Last week, a mother from Old Forge asked me if I thought video games contribute to childhood obesity in this country. I told her that a recent study suggests that video games can be the problem and the solution!
While there are many causes of childhood obesity including a more sedentary lifestyle, a recent study at the Mayo Clinic has found that children expended significant energy when they play video games that require activity, such as the Nintendo Wii that uses a camera to virtually ìplaceî them in a game to simulate hitting a tennis ball etc. or performing the Dance Dance Revolution or DDR game. The study found that kids expended three times more energy as compared to traditional video games played while sitting or when compared to watching TV while walking on a treadmill. There may be hope for our kids!
Childhood obesity is defined as an excessive accumulation of body fat, as determined by skinfold measurements, when the total body weight is more than 25 percent fat in boys and 32 percent in girls. While some define it as a weight/height in excess of 120 percent of the ideal, skinfold measurements have been found to be much more accurate.
Childhood obesity has reached epidemic proportions in the United States. Moreover, childhood obesity is on the increase as found in a 54 percent increase in body fat measurements among 6-11 year olds since the 1960ís. The American Physical Therapy Association has taken an active roll through its membership to educate, advise and treat children with weight problems:
Obesity increases with age and its prevalence among obese children will continue to be obese with age. Childhood obesity is the leading cause or is associated with: hypertension, Type II diabetes mellitus, coronary heart disease, lower extremity joint stress and pain, lower self-esteem and other psychological problems.
As with adult obesity, childhood obesity is most often caused by multiple problems including: nutritional, psychological, familial, and physiological.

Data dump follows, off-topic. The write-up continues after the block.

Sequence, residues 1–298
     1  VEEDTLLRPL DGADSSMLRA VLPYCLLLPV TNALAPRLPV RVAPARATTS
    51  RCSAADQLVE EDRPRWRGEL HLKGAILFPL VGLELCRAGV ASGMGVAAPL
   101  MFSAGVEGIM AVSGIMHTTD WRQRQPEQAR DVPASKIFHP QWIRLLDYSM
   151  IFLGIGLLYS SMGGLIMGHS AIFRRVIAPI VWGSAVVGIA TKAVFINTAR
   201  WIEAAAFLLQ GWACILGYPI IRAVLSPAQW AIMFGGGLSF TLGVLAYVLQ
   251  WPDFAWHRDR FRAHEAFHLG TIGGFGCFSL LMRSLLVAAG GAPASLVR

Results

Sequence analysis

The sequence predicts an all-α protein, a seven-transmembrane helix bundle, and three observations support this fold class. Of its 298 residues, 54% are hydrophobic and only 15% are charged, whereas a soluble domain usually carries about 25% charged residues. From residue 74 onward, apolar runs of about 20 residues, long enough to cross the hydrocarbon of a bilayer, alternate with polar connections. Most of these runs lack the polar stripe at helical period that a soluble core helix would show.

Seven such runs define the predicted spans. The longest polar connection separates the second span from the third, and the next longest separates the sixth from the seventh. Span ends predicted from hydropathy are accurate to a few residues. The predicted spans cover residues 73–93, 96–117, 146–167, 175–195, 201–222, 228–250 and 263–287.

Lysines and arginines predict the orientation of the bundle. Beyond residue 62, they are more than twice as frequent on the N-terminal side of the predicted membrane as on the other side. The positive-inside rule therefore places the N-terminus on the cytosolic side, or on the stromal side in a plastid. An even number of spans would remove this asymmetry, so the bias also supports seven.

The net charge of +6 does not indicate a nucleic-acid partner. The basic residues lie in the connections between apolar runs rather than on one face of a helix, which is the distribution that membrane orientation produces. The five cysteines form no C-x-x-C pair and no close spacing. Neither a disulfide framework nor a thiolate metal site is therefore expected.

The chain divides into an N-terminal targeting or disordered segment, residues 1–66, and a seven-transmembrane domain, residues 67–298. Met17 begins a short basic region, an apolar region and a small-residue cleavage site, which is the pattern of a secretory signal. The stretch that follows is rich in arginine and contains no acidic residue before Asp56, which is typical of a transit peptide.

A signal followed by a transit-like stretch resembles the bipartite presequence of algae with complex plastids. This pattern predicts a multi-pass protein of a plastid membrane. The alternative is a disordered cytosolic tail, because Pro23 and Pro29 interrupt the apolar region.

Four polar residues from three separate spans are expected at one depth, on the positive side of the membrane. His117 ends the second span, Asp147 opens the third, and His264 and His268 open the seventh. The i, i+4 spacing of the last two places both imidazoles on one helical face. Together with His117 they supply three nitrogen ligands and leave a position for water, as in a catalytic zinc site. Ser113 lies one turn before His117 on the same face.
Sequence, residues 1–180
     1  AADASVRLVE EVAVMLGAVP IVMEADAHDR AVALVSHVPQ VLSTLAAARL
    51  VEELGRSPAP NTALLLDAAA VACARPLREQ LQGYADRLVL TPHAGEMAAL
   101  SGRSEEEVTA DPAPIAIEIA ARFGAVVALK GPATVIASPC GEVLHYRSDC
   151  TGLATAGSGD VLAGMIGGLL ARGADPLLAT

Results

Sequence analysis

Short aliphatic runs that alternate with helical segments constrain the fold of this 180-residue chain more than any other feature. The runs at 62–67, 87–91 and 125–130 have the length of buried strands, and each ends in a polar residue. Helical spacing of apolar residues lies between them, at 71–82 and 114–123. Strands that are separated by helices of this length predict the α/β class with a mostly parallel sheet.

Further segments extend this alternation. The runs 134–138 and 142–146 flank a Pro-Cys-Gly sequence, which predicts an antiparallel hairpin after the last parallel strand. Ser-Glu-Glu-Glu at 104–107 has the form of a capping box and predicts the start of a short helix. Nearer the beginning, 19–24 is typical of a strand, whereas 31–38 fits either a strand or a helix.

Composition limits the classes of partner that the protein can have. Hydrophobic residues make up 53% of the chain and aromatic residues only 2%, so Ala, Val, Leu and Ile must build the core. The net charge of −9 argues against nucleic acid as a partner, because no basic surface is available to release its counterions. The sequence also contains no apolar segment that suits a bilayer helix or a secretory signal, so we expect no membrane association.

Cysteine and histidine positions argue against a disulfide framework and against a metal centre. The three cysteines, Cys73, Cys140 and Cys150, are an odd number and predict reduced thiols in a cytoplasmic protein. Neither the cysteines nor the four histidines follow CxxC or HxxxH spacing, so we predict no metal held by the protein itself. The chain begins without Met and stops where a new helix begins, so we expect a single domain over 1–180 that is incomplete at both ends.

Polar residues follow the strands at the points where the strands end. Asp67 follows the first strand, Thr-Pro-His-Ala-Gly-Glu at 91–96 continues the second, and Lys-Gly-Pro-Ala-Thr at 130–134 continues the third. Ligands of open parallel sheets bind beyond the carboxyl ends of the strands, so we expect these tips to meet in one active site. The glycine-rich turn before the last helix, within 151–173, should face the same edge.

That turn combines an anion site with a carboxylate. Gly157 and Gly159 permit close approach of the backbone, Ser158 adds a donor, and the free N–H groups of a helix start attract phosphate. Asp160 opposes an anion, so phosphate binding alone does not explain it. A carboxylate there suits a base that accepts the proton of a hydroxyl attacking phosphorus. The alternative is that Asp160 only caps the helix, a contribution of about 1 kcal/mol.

The risk of becoming obese is very high for those children with two obese parents. Strong genetic factors as well as parenting habits of eating and exercise may play a role.
The average child in this country spends several hours watching TV or playing video games. Childhood obesity is greater among those who exceed this average not only because of low-energy expenditure, but also due to the consumption of high-calorie snacks and drinks while watching TV. Previous generations spent this time engaging in physical activity. Only one-third of grade-school children have daily physical education in school.
Not all children who eat badly and lack physical activity are obese. Studies have shown that there are other causes for obesity, such as heredity.
Weight loss is not the primary role of a good childhood obesity program. The goal is to limit or stop weight gain so the child will eventually grow into their body weight over a period of many months or years. One study suggests that it requires 1 Ω years of body weight maintenance for every 20 percent excess in ideal body weight for a child to ultimately attain ideal body weight.
Increasing physical activity or engaging in a formal exercise program is essential to burn fat, increase caloric expenditure to lose and/or maintain weight. However, studies show that exercise alone is not nearly as effective as when it is combined with proper nutrition/diet and behavior modification. Physical activity is also critical for the health of the child. Blood pressure and lipid profiles improved in children/adolescents who engaged in 50 minutes of aerobic exercise, 3 times per week, even when weight loss was only minimal. If necessary, promote physically active video games such as the DDR or Wii to excite you kids into healthy activity.
Extreme dieting and fasting is not appropriate for children. It is emotionally stressful and physically harmful to the growth and development of a child/adolescent. A balanced diet with moderate caloric and portion restrictions coupled with exercise and counseling is the proper combination.
Behavioral strategies are found to be very successful in children/adolescence. Self-monitoring and keeping a record in a journal of food intake, activity and exercise are helpful. Also, rewards and incentives can be effective. Parent/child counseling programs are most effective.
In conclusion, childhood obesity is a serious epidemic. It is physically and emotionally stressful for the child/adolescent and family. This problem requires a comprehensive team approach including: physician, educator, dietitian, psychologist, and exercise specialist. Lastly, to be successful, it must be a lifetime lifestyle change with regard to diet and exercise, not a 3 to 6 month fad. It must be a long-term program with long-term goals.
Visit your doctor regularly and listen to your body.